New studies have identified an association between daily high coffee consumption, brain shrinkage and an increased risk of dementia. However, researchers were unable to identify a causal relationship between caffeine consumption and dementia. The study also found moderate coffee consumption was associated with lower dementia risk than high consumption, or abstaining from caffeinated drinks.
People who drink six or more cups of coffee a day have a 53% increased risk of developing dementia and a higher risk of stroke, a new study reports.
Contrary to popular belief, moderate coffee consumption does not increase the risk of cardiac arrhythmias or other heart health problems. Researchers found daily coffee consumption was associated with a 3% lower risk of certain cardiac conditions. Findings add to the growing body of evidence that coffee consumption can help reduce the risk of several health problems including Parkinson's disease and some cancers.
For those with a genetic predisposition to higher eye pressure, high caffeine consumption may increase the risk of developing glaucoma threefold.
A caffeine jolt may give you a little more energy following a restless night of sleep, but it doesn't necessarily help with boosting cognition. Researchers found that while caffeine helped sleep deprived students to perform better at some simple cognition tests, it had no effect on improving performance on more challenging tasks, like placekeeping tests.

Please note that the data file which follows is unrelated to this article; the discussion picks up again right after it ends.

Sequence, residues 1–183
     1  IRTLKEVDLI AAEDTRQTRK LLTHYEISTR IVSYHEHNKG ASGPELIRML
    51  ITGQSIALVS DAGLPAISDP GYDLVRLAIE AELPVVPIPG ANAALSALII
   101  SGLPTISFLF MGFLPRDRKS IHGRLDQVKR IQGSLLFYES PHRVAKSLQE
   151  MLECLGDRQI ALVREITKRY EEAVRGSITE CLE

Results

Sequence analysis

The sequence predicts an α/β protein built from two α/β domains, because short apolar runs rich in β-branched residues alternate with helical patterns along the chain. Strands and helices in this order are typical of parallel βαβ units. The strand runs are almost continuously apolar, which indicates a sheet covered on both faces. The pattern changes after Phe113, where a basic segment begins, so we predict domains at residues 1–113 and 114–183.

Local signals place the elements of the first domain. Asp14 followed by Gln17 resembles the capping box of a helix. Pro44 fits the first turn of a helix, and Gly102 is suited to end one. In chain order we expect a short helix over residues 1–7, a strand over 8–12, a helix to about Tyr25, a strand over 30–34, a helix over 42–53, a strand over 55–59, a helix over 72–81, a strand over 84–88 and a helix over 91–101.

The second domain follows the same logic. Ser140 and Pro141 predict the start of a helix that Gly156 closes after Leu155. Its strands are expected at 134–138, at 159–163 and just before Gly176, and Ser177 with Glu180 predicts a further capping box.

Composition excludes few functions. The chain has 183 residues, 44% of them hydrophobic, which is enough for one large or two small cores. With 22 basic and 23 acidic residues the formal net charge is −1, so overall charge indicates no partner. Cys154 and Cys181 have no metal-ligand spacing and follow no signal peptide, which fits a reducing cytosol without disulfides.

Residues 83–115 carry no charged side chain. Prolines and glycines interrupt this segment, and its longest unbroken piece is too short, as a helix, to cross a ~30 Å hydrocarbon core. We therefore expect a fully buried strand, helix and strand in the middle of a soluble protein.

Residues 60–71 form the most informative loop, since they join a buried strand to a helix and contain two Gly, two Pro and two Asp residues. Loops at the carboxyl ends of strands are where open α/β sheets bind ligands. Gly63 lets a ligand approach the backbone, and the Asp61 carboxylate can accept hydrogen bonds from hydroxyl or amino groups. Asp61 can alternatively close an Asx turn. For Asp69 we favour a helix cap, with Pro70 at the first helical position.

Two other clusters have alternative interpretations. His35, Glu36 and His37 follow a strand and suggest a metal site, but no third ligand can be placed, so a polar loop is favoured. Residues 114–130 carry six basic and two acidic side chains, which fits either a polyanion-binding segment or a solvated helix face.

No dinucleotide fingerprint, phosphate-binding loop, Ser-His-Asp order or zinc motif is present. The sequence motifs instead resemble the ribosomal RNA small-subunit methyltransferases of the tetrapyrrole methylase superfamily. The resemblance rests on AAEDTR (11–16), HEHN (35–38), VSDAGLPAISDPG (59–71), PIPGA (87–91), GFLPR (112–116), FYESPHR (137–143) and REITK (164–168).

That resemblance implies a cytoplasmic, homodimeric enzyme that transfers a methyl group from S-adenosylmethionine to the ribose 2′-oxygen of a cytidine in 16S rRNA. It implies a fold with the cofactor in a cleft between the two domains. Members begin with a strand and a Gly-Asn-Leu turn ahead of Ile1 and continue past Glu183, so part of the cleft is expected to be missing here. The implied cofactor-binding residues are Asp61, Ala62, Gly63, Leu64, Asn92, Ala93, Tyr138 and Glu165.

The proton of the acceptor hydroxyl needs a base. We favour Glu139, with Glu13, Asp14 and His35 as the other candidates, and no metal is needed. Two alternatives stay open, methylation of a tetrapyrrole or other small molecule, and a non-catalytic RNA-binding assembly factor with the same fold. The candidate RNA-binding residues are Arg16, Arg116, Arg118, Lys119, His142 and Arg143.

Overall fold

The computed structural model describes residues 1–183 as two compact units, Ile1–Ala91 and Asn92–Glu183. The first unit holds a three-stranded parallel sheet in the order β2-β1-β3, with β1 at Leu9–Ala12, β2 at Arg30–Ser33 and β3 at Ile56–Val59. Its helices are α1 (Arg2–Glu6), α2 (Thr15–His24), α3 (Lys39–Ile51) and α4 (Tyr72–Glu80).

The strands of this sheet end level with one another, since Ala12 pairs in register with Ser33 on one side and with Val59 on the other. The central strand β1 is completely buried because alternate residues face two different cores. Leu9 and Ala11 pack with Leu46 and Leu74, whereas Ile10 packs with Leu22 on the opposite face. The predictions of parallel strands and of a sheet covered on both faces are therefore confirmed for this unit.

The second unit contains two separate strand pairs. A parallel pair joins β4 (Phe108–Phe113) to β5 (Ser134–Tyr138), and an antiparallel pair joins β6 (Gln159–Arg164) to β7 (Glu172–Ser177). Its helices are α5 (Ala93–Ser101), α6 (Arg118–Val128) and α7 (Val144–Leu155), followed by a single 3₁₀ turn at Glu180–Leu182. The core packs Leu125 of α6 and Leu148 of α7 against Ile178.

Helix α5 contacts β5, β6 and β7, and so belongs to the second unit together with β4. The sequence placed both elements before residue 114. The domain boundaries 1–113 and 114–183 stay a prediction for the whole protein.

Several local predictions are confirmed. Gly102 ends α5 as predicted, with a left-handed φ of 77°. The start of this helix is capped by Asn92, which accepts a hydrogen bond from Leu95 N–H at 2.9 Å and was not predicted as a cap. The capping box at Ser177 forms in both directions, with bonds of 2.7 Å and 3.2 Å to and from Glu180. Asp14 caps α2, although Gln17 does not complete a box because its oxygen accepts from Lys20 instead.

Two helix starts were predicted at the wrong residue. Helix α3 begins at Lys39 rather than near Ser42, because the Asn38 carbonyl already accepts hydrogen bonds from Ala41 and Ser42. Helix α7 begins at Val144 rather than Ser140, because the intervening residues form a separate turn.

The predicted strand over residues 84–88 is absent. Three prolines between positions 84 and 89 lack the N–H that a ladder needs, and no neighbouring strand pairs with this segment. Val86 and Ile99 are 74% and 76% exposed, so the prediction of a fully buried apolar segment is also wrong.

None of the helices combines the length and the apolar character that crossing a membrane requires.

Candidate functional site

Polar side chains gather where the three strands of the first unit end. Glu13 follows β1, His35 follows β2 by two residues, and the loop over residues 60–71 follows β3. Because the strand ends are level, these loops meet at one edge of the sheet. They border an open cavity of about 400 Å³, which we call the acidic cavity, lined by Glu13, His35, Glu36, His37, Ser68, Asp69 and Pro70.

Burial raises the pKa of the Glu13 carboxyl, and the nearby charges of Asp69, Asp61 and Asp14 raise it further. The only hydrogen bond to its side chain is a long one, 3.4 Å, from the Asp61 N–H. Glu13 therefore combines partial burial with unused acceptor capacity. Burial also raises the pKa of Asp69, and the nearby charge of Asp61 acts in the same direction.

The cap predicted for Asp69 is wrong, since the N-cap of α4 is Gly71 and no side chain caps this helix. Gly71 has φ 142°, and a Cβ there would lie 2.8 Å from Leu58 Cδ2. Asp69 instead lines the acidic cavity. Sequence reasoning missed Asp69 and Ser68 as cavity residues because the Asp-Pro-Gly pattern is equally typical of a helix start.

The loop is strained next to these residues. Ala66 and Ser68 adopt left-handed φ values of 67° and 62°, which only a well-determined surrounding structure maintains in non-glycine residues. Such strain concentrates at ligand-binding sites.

Study reveals a causal genetic link between cardio-health and coffee consumption. Those who subconsciously prefer decaffeinated coffee are more likely to be prone to the adverse effects of caffeine and have risk factors for high blood pressure.
Drinking a cup of strong coffee an hour before exercise, especially in the afternoon, increases fat-burning.
Frequent caffeine consumption reduces gray matter volume in areas of the right medial temporal lobe, including the hippocampus. Ten days of "caffeine abstinence" helps regenerate gray matter.
While drinking coffee during the day improves alertness and concentration, especially when a person is sleep-deprived, decreasing consumption six hours prior to sleep diminishes the effects of caffeine on sleep disturbances.
While poor sleep can have some impact on metabolism, drinking coffee immediately after waking can harm glucose control. Strong black coffee consumed before breakfast increased blood glucose response to food by 50%.